Hackintosh maker files for bankruptcy
Catch a falling Psystar
Macintosh clone vendor Psystar has filed for bankruptcy protection in Florida, effectively stalling its legal battle with Apple while the company tries to resuscitate its coffers.
The clonemaker petitioned for Chapter 11 protection on Thursday in US Bankruptcy Court for the Southern District of Florida.
Court documents indicate Psystar owes at least $259,356 in debt to a number of unsecured, non-priority individuals and companies.
The Doral, Florida firm blames the weakened economy for its financial woes, claiming the financial climate has caused its creditors to "tighten up their terms" and become "more demanding for immediate payment."
Psystar also claims the economy has hobbled the inventories of lower-cost hardware vendors and forced it to pay higher prices for PC kit to fulfill orders in a timely manner.
Furthermore, the company asserts that if it's granted protection from creditors under Chapter 11, Psystar possesses unnamed "valuable intellectual property" that will enable it to emerge from bankruptcy with a "strong and effective plan to make an increasingly higher profit."
There appears to be no mention of Psystar's headlining legal fight with Apple contributing to its financial problems. But under US bankruptcy protection laws, all cases against the company would be put on hold until restructuring is sorted out.
Folks closely following Apple's case against Psystar are now drooling over the prospect of Psystar's funders being publicly exposed in upcoming bankruptcy court proceedings.
Apple's legal briefs against Psystar have asserted the clonemaker may be in secret cahoots with "John Doe" third-party supporters. The claim could be referring to something as simple as third-party coders working to break Apple's copy protection — but many prefer to go the conspiracy route with their conjecture.
Because Psystar seemingly appeared out of nowhere in early 2008, some have hypothesized the company is being bankrolled by Apple's rivals (namely, Microsoft) to undermine its intellectual property rights.
The Florida court will hold Psystar's first bankruptcy hearing on June 5. Keep an ear out for the telltale thunder of Redmond's black helicopters swooping into the Sunshine state. ®
Not much of a bankroll
If they are being bankrolled by somebody big how come they've filed for chapter 11 with only a quarter of a million bucks worth of debt. If they had big backers that would be peanuts to them.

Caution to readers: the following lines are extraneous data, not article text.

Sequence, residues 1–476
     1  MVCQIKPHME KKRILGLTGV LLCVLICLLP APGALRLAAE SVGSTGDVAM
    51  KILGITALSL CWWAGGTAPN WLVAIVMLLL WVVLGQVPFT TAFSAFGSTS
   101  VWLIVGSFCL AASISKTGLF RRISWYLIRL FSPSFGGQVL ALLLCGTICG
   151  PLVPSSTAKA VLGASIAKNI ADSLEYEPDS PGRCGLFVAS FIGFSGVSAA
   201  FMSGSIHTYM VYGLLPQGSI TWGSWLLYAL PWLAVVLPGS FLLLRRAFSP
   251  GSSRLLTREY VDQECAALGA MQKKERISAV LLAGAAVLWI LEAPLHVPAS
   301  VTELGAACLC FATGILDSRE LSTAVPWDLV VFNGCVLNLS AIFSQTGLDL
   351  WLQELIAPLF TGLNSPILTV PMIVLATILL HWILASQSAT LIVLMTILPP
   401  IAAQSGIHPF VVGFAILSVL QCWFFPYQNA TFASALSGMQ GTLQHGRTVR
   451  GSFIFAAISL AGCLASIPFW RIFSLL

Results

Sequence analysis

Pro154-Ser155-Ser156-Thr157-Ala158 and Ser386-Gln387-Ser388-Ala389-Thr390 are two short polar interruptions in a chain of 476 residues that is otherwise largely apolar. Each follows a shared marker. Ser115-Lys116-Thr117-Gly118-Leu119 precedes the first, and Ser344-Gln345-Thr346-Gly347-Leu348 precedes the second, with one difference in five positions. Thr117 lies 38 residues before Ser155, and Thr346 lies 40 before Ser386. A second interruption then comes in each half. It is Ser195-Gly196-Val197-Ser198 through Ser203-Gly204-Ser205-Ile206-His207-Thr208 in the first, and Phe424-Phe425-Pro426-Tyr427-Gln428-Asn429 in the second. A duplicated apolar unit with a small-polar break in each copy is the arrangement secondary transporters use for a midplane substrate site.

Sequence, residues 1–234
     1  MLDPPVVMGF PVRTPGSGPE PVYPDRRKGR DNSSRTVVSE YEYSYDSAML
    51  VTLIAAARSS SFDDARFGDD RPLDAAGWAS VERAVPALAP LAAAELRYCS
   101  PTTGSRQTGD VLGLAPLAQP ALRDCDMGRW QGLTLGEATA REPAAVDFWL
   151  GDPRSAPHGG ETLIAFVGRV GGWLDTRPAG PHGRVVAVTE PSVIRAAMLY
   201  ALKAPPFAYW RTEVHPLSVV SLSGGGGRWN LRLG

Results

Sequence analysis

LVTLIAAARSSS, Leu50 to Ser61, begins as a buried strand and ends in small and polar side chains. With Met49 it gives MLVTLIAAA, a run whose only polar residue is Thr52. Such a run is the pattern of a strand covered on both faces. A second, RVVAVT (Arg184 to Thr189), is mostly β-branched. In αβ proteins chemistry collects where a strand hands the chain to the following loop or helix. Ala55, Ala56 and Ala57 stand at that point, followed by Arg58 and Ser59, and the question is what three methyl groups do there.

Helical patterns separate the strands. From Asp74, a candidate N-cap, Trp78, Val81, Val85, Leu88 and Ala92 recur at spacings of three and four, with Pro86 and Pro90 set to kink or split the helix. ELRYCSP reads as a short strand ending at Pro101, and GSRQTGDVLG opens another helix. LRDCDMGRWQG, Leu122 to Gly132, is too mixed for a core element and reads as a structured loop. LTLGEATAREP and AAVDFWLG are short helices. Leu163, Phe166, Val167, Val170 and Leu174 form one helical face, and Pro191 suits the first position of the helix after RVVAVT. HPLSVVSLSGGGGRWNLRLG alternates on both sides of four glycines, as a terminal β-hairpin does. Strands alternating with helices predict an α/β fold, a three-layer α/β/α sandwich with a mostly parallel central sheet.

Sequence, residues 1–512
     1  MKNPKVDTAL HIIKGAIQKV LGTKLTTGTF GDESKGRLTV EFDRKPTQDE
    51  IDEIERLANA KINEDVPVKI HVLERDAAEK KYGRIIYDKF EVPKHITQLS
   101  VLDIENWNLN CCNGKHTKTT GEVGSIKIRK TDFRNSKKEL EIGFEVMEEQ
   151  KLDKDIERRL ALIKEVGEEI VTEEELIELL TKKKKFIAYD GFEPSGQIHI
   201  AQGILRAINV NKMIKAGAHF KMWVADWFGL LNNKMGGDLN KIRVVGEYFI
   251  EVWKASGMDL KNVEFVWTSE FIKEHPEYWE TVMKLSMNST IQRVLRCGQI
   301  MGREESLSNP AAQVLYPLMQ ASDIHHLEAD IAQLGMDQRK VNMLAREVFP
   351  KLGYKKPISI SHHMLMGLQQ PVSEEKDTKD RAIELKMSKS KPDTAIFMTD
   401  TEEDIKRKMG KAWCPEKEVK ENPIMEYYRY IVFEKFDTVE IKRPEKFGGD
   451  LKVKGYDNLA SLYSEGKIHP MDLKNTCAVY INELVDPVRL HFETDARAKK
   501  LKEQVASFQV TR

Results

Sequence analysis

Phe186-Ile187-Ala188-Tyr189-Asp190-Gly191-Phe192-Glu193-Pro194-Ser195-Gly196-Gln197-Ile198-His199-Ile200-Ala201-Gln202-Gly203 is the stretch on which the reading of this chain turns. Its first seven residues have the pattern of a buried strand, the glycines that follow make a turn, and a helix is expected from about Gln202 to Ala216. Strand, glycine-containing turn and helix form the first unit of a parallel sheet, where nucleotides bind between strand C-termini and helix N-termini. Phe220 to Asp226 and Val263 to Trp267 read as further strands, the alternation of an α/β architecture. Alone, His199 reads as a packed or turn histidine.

There really shouldn't be much of a problem getting around apples IP claims. All you need to do is hire an engineer old enough to remember how it all went together in the first place and specialized in the design of said systems. Remember when reverse engineering systems was something to be proud of putting on your resume instead of something that could potentially land you in legal trouble?? I do ;) [it was still ethically questionable, but I ignore those questions]. Ad this company (or any company really) could easily bail them self's out of whatever hole they are in by resurrecting some ideas that were not really practical 30 years ago, but are perfectly doable now..
If all you want is some MAC clone, let me select a team of hardware and software designers and I will pop one out for you in 6 months. [that's 6 month to prototype, not to production]
Probably. How else would Psystar (a company that's claimed to the courts that they don't have any accounts or even bank statements to disclose!) get the expensive lawyers they have. But who pays the lawyers fee is conveniently a matter of client confidentiality. Most likely a Chinese PC maker with no high margin business alongside its PC hardware offering.
@Iam Me: Not likely to be bankrolled by MS. Why would MS want competition for OEM OS supply? And no, they couldn't buy Apple several times over. Apple even has more cash than MS, and none of that funky nonexistent "goodwill" stuff so prominent in the balance sheets of MS, HP etc.
@Jimmy Floyd: Sorry to hear about Apple forcing hardware on you. How does that work exactly?
Apple doesn't actually hinder hackintosh activity if its not for commercial gain, although it is deprecated, and outside the license terms. Be grateful there's no serialisation, compulsory registration, or product activation for OSX. Much greater benefits if you want to "try" OSX on your standard PC hardware than Microsoft's Windows Product Activation if you want to "try" Vista. So, Apple haters, be careful what you wish for when you say OSX should be legally installable on your PC.
The real issue Apple is defending here is not the existence of tinpot cottage industries turning out Mac clones round the world, it's ensuring the big players can't bundle OSX on their HP's, Dells, Acers etc.
Re: Too bad
"I'd really like to see someone force Apple to open OSX up to installs on non-Apple hardware."
People keep forgetting Apple is in the business of selling hardware, not software. They develop their own software to make their hardware work better, not the other way round.
It's a bit like saying you really like HP's printer drivers but don't like their printers, so you're demanding that HP sell you a version of the drivers to use with a Canon or Epson. It ain't gonna happen.
One door closes, another door opens.